A new breed blurs the line between the personal and professional
By Emma Jacobs
Fredrik Eklund, a property entrepreneur and real-estate TV star, was at his local grocery store a few weeks ago. Wearing a face mask and protective gloves, he fired up “Blinding Lights” by The Weekend, then danced — while pushing his trolley past the fruit stand and gyrating in the jam aisle. The video was uploaded to his Instagram account, which has 1.2m followers. It attracted more than 1m views and 14,000 comments. “People want a fun broker,” says the 43-year-old co-founder of luxury real estate brokerage Eklund Gomes Team, who lives in Los Angeles and is author of a book called The Sell: the Secrets of Selling Anything to Anyone. Many comments beneath his post were appreciative; others criticised him for endangering public health with his elbow bumps. “I remember my heart beating as I pushed the button,” says Eklund, who is also a star of Bravo’s reality-TV show Million Dollar Listing. “I thought, this will make or break me. I have had some criticism — people feel it is tone deaf. That is OK — you can’t please everyone.” Dancing videos are a trademark flourish to Eklund’s larger-than-life public persona. A previous post was set in a $29.9m house with eight bathrooms. Despite his fear of alienating clients by being playful in a pandemic, he posted it anyway. “In the competitive landscape of real estate, it’s all about being relevant and top-of-mind — as long as you can back it up with real results and knowledge,” he says.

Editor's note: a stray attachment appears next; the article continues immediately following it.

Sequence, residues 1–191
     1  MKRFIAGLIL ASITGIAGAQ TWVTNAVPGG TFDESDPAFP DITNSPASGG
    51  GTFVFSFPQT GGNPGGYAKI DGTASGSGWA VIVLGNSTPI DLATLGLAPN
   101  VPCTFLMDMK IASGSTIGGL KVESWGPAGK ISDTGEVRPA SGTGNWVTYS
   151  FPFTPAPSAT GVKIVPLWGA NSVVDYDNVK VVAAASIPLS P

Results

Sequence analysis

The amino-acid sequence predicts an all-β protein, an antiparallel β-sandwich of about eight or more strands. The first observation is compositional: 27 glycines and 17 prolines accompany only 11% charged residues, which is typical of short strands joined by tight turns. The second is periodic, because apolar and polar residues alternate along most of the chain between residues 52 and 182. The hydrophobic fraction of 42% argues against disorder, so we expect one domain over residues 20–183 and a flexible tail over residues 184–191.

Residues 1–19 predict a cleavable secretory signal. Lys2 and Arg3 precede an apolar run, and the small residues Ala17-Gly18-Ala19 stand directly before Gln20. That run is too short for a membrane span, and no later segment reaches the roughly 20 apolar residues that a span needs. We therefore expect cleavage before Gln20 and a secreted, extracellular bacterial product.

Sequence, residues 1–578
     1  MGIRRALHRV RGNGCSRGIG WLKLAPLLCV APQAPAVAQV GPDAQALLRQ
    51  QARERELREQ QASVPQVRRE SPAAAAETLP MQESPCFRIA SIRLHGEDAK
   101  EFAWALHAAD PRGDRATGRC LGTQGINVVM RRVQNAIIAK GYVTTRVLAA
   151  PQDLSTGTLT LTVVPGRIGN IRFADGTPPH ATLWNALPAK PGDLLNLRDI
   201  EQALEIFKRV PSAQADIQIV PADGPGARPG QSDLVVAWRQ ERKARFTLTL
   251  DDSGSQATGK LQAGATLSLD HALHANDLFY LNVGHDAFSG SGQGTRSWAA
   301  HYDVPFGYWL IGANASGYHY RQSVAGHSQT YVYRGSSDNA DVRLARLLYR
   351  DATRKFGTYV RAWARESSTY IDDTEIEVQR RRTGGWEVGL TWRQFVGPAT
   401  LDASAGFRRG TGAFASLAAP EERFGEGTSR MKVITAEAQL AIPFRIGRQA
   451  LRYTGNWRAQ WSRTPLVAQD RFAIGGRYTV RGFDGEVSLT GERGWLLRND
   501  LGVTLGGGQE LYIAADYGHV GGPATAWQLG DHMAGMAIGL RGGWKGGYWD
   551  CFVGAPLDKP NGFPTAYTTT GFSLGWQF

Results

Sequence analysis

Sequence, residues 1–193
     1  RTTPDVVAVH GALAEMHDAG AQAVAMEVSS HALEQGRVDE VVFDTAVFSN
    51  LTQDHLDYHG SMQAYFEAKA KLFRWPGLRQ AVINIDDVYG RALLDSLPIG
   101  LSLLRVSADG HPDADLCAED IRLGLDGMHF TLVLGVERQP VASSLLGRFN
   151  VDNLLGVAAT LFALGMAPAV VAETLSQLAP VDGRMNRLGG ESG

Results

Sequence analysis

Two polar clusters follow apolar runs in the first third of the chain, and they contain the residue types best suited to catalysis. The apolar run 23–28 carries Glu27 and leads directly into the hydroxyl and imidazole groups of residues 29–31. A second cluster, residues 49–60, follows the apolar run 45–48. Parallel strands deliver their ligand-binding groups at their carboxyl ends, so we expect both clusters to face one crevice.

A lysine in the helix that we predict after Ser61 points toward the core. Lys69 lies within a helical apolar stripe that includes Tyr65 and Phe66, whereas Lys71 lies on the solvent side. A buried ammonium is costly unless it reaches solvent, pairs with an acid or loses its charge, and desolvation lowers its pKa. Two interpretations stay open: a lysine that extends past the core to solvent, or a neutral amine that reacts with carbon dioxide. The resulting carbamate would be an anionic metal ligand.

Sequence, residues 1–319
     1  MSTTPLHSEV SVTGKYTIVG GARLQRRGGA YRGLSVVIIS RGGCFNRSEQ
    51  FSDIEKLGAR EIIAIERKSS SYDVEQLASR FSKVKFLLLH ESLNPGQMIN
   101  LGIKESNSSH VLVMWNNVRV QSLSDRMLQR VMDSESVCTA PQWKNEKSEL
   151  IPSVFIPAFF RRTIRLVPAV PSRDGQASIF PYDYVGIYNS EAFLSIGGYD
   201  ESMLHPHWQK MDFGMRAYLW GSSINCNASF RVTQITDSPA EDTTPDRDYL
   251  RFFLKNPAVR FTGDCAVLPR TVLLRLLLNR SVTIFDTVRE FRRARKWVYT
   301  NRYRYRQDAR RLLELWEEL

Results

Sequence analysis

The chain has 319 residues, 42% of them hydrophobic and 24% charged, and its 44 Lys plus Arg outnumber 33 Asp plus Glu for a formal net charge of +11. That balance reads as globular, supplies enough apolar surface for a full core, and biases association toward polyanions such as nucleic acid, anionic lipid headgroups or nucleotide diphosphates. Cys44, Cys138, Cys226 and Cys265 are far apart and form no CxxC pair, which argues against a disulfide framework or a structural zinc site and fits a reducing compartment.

Such logic underlines the risks for property-market professionals in building “personal brands” through social media, and the pressures of trying to sell luxury property in uncertain economic times in markets saturated with high-end developments. That risk was highlighted in January when the London-based property agent Daniel Daggers — a glamorous figure who calls himself Mr Super Prime — resigned from estate agent Knight Frank after posting a picture of a high-end property to his Instagram account, where he has more than 30,000 followers. The Daggers episode raised wider questions about whether estate agents should build personal brands by turning themselves into celebrities and influencers. In doing so, they hope to attract attention to their businesses and the properties they sell. But do they risk their credibility in the process? It is alleged that Daggers shared images of a house without the owner’s permission. Knight Frank says in a statement: “We are constantly vigilant around our social media guidance and regularly update our policy.” Daggers declined to comment.